Incidents On a Jobsite

Occupational Health and Safety Training Ontario

Incidents On a Jobsite

May 29, 2024

You should report any type of injury, no matter the severity. The most important reason is to make sure the situation or hazard is made safe for not only yourself, but the others at the worksite. It is extremely important that if any injury occurs on site, that it is reported immediately. Immediate reporting will ensure that the required parties are notified, full incident reports are documented, and follow up actions and corrective measures are implemented as soon as possible.

Under the Occupational Health and Safety Act, under section 51(1), where a person is killed or critically injured from any cause at a workplace, the appropriate parties must communicate that injury within 48 hours of the incident. 

Pursuant to O. Reg. 420/21, “an injury is “critical” if it is an injury of a serious nature that:

  • Places life in jeopardy
  • Produces unconsciousness.
  • Results in substantial loss of blood
  • Involves the fracture of a leg or arm, but not a finger or toe.
  • Involves the amputation of a leg, arm, hand, or foot but not a finger or toe.
  • Consists of burns to a major portion of the body
  • Causes the loss of sight in an eye.”

It is important that workers know what to do in the event of an emergency, especially if a critical injury has occurred on a jobsite. 

Minor Injuries

If minor injuries occur on site that may require first aid, such as a cut on your finger, workers should seek assistance from a certified first aider on site to provide treatment. First aiders must document details of the injury as well as any treatment administered. All injuries, even if they seem to be minor at the time, can easily become much worse if not correctly treated. A previous minor injury can also contribute to another future injury, which can potentially be more serious and cause ongoing health issues. Always ensure that you report every workplace injury to your supervisor.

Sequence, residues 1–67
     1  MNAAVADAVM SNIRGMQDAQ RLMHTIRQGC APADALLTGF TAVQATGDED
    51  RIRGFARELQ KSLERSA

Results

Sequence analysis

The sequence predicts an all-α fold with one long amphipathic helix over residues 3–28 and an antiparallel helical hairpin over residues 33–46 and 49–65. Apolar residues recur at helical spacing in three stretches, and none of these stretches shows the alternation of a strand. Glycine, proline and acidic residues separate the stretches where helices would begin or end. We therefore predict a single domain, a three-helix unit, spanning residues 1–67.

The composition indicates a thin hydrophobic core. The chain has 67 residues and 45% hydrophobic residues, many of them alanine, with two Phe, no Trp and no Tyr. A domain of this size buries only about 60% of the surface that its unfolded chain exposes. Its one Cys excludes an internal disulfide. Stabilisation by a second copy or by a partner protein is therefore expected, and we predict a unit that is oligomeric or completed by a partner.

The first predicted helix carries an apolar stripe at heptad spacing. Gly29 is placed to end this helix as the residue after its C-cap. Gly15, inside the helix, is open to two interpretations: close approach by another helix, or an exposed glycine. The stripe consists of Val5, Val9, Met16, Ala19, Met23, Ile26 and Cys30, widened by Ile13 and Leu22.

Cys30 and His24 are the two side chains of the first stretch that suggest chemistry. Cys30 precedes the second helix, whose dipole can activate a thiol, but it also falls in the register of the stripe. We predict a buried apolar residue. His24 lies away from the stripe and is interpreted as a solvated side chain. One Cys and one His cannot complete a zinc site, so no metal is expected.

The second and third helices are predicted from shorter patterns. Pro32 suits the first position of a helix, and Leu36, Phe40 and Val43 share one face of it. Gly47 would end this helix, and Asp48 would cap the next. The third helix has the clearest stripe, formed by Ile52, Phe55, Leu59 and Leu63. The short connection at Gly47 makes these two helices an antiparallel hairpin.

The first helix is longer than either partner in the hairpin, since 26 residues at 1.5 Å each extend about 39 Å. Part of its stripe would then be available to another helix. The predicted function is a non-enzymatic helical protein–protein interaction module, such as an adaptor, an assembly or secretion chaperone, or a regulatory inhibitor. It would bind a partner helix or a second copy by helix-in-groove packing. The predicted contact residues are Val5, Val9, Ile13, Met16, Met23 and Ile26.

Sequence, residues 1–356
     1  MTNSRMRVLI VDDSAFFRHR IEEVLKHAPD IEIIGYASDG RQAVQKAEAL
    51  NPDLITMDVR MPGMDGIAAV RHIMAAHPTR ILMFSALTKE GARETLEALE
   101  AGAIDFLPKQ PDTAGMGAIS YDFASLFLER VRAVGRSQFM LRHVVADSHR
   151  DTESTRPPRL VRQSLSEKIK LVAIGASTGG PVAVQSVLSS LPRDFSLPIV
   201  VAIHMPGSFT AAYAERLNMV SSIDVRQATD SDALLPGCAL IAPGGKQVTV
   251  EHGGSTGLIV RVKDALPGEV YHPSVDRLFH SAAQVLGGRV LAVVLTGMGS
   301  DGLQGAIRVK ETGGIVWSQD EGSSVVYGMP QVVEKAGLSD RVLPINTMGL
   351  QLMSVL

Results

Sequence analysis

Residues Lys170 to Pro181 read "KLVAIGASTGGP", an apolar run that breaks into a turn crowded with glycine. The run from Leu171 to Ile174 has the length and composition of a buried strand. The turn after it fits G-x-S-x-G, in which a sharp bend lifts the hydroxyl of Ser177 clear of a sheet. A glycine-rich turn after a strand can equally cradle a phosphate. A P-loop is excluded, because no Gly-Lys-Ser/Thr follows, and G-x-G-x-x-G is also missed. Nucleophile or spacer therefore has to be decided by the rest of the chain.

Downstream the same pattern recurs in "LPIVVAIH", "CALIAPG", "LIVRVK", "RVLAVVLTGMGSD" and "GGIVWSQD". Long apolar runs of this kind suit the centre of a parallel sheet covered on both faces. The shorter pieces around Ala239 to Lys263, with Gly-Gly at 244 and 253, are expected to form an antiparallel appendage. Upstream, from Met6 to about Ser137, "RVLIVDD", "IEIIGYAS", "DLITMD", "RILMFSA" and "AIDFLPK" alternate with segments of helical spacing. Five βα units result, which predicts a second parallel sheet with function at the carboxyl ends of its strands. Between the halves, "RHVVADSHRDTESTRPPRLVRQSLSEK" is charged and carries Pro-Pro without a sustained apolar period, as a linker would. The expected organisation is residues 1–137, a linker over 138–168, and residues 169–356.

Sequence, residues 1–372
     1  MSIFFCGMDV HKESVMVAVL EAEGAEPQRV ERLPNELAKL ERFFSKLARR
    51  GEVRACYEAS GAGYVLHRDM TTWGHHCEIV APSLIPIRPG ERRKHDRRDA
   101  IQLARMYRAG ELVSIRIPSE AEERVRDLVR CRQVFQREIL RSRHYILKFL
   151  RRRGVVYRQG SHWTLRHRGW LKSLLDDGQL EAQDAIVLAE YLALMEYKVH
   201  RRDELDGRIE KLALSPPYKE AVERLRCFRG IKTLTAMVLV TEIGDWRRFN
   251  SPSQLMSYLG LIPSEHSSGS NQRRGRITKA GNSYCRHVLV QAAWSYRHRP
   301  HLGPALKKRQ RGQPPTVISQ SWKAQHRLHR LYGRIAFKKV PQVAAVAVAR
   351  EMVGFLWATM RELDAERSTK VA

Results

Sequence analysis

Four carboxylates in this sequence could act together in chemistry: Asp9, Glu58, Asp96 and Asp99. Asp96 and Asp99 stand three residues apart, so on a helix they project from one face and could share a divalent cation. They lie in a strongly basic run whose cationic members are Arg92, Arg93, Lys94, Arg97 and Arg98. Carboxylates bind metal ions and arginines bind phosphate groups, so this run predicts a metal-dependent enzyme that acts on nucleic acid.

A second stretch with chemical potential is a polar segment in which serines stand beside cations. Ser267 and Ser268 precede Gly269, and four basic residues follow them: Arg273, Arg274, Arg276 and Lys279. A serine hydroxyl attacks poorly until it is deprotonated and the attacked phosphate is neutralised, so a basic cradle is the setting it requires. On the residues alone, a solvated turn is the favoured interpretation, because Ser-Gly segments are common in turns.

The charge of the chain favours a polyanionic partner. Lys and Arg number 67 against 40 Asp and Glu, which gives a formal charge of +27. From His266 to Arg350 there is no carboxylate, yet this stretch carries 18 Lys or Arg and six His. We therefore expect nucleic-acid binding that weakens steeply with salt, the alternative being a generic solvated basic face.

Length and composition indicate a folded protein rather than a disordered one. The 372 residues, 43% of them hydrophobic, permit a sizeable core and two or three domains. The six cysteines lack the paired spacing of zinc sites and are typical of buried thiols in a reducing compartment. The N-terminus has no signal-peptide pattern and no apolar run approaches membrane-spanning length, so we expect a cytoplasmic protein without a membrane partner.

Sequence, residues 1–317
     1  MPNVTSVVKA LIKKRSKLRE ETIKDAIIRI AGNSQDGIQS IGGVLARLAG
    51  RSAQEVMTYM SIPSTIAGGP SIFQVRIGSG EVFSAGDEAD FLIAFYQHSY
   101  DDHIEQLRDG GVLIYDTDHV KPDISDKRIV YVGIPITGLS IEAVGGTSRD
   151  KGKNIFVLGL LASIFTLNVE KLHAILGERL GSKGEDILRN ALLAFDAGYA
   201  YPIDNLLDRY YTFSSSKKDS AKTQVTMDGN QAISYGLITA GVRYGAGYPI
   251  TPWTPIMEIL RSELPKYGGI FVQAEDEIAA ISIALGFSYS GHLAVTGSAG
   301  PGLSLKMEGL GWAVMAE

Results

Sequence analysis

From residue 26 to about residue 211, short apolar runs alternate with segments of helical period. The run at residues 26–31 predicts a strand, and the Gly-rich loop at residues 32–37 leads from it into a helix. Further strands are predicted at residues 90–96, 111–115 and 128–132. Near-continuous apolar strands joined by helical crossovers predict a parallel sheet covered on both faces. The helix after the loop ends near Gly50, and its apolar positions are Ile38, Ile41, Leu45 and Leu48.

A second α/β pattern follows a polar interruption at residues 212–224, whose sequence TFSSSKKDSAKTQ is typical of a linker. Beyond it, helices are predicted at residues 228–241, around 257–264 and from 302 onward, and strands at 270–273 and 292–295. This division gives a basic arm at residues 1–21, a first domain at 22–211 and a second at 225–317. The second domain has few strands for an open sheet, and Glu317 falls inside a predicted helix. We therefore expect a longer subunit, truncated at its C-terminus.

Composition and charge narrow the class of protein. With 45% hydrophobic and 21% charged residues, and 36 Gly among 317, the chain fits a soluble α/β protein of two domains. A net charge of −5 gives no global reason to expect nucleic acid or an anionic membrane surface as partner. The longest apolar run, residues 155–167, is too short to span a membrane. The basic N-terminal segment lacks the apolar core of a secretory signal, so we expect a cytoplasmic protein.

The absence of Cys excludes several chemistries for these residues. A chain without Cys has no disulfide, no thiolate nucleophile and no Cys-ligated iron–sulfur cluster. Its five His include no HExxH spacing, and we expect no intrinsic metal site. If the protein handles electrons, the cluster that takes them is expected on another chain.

Occupational Illness

There are also occupational illnesses workers can experience in the event of a physical, chemical, or biological substance. When working with dangerous substances, it is important that workers have completed their Workplace Hazardous Materials Information System training (commonly referred to as WHMIS). Under the Occupational Health and Safety Act, it is required by law that all workers obtain their WHMIS training annually, in tandem with other occupational health and safety courses they may require per job responsibilities, such as a valid Working at Heights certification. 

Need Assistance?

Safety First Consulting’s team of highly qualified and experienced consultants will provide your company the assistance it needs to comply with government health and safety regulations. To learn more about what we do, contact us today 905-669-5444 or email us at for more information.